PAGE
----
After traveling to the Small Gobi in June of this year, we have now also crossed the two protected areas Great Gobi A and B. We spent almost three weeks traveling through the largest protected areas in the world and gaining an impression of the state of the habitats and species. We also aimed to assess potentially damaging influences and planned infrastructure measures.
Finding near-natural and undisturbed habitats in such an extensive area, fully developed vegetation that is practically unheard of in the mostly overgrazed areas of the steppes, savannahs, prairies and deserts of this world, seeing tracks of the last estimated 50 gobi bears and evening encounters with the extremely shy wild camels made a deep impression on our international expedition group. And strengthened our resolve that these last undisturbed and extensive natural areas urgently need to be included on the UNESCO World Heritage List.
And we can already take credit for one major success within the project. At the end of October, we received positive news from the Mongolian government that three more protected areas that were previously not on the World Heritage nomination list will now be included. One of these is the "Small Gobi A" protected area. This is home to 80% of the world's population of the endangered Asian wild ass alone. We promoted this at our working meeting with the Mongolian Ministry of the Environment and prepared the technical basis.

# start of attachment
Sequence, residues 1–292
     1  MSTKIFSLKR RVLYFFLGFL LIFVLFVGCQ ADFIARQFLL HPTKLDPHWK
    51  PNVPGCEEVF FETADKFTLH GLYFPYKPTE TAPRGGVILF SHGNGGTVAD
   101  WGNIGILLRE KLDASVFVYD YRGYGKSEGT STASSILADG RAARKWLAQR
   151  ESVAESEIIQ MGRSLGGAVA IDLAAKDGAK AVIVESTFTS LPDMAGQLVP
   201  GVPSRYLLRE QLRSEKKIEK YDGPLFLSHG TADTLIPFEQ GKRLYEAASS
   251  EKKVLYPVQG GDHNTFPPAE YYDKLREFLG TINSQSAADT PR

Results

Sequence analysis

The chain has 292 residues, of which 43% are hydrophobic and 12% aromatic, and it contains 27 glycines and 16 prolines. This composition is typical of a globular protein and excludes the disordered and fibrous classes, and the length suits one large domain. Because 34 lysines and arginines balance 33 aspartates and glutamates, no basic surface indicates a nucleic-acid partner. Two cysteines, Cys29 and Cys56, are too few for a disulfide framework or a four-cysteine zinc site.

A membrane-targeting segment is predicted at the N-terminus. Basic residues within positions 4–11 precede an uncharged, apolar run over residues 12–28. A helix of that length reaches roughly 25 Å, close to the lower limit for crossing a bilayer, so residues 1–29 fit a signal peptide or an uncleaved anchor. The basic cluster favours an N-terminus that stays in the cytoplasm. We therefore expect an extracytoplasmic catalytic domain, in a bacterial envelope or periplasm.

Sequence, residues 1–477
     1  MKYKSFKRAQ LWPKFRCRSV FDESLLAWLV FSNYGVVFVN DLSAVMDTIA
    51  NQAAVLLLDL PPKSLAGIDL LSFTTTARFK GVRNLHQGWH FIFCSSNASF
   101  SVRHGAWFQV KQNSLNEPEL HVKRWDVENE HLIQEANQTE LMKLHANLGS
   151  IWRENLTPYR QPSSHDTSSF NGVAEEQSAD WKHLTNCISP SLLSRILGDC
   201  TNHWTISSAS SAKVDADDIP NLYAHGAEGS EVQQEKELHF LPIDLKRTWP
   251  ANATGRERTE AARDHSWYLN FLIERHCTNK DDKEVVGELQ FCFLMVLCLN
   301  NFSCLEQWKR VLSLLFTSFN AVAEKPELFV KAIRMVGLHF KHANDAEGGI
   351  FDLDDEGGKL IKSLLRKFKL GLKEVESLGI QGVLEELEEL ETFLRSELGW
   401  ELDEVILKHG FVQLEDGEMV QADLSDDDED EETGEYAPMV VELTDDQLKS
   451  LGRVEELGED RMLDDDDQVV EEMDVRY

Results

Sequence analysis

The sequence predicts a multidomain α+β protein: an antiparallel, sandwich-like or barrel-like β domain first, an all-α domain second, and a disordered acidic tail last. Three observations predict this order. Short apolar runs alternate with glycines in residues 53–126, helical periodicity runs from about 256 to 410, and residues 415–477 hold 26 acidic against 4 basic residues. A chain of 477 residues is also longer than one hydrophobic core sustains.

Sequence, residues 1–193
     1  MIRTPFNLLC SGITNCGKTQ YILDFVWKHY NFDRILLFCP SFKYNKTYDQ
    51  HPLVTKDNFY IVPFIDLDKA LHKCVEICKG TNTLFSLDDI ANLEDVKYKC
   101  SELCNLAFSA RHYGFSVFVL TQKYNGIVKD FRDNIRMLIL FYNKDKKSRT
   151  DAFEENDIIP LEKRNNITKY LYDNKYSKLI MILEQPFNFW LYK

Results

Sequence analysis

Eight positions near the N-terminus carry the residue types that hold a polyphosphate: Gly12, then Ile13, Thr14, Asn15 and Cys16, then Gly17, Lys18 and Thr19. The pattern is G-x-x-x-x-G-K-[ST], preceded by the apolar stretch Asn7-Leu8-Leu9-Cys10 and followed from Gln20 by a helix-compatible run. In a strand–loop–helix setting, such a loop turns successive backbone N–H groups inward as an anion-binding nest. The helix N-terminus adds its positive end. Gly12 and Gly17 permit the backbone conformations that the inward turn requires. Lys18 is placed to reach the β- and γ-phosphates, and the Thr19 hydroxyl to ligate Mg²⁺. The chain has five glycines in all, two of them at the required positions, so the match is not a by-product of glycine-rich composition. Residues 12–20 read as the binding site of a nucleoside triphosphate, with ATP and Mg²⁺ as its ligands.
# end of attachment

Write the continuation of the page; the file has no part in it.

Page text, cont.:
The project is funded by the Advisory Assistance Program (AAP) in the countries of Central and Eastern Europe, the Caucasus and Central Asia as well as in other neighbouring countries of the European Union. It is managed by the Federal Agency for Nature Conservation (BfN) and the Federal Environment Agency (UBA).
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